Organic Products Bill

Organic Products Bill

Government Bill

221—1

Explanatory note

General policy statement

Demand for organic products has grown markedly in recent years in New Zealand and overseas with the global market now worth over $116 billion annually. In 2017, New Zealand’s organic industry was worth $600 million. Organic claims are credence claims that consumers cannot independently verify. As a result, production rules that reflect organic production are important tools for all participants in the system and are widely use internationally by all of our key trading partners.

The Organic Products Bill proposes a regime to regulate organic claims and the businesses that make them. The Bill’s objectives are to—

  • increase consumer confidence in purchasing organic products:

  • increase certainty for businesses making claims that their products are organic (organic claims):

  • facilitate international trade in organic products.

These objectives and how the Bill will achieve them are discussed below.

Increased consumer confidence

Under the current framework, New Zealand businesses that make organic claims can choose whether or not to be certified to one of a range of private standards with different requirements. This can create inconsistency in organic claims and confusion for consumers.

The Bill will create consistency amongst organic claims and decrease consumer confusion by enabling mandatory requirements to be set for—

  • any product sold, labelled, or represented as organic whether it is imported, domestically produced and sold, or exported; and

  • each step along the supply chain, including the production, preparation, and processing plus all aspects of handling (including storage, packing, labelling, transport, and wholesale).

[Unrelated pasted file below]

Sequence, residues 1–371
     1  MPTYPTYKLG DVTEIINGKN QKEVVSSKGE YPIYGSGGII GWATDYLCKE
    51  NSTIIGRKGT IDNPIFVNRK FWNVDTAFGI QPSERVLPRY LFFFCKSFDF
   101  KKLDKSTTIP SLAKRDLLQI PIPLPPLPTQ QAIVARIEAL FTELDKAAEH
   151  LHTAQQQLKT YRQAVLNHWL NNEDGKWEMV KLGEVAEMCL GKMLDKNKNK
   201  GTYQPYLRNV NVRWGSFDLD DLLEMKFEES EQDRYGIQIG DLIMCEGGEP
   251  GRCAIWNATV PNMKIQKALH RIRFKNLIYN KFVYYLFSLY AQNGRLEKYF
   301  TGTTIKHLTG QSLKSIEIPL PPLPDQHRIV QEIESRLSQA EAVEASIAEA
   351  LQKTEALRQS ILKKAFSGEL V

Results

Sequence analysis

Increased business certainty

Under the current legislative framework, businesses are required to substantiate organic claims and make sure these are not misleading, which can create uncertainty for businesses who make organic claims. It is unclear what organic practices would be acceptable to consumers, regulators, or trading partners and what evidence they need to demonstrate that they comply with organic production requirements.

The Bill will create certainty for businesses wanting to make organic claims by enabling requirements for organic production to be made in regulations. The Bill also enables administrative regulations to be set as to how to demonstrate compliance. The Bill enables recognised entities (third party agencies recognised by the relevant ministry) to check organic businesses before approval, and on an ongoing basis for compliance.

Facilitating international trade

Countries that regulate organic production are increasingly expecting comparable regimes from their trading partners. Currently, the Ministry for Primary Industries runs a voluntary export programme, the Official Organic Assurance Programme, which enables exporters to access specific organic markets that require assurance.

The Bill will further facilitate New Zealand to negotiate new and more secure access in organic markets by increasing government oversight of the sector regarding what is produced here and exported. Part 3 of the Bill also contains requirements for exporters. These measures are likely to—

  • increase trust with trading partners; and

  • improve New Zealand’s ability to negotiate better market access; and

  • state New Zealand’s position on organics and allow us to defend it internationally.

Special features of the Bill

The Bill enables any relevant ministries to become responsible for the regulation of organic products relevant to their mandate, including the development of organic production standards and the administration, monitoring, and enforcement of associated regulatory requirements. The Ministry for Primary Industries will be the administering department for the Bill.

Departmental disclosure statement

The Ministry for Primary Industries is required to prepare a disclosure statement to assist with the scrutiny of this Bill. The disclosure statement provides access to information about the policy development of the Bill and identifies any significant or unusual legislative features of the Bill.

Regulatory impact assessment

The Ministry for Primary Industries produced a regulatory impact assessment on 26 November 2019 to help inform the main policy decisions taken by the Government relating to the contents of this Bill.

Clause by clause analysis

Clause 1 is the Title clause.

Clause 2 is the commencement clause and provides that the Bill comes into force on the day after the date on which it receives the Royal assent.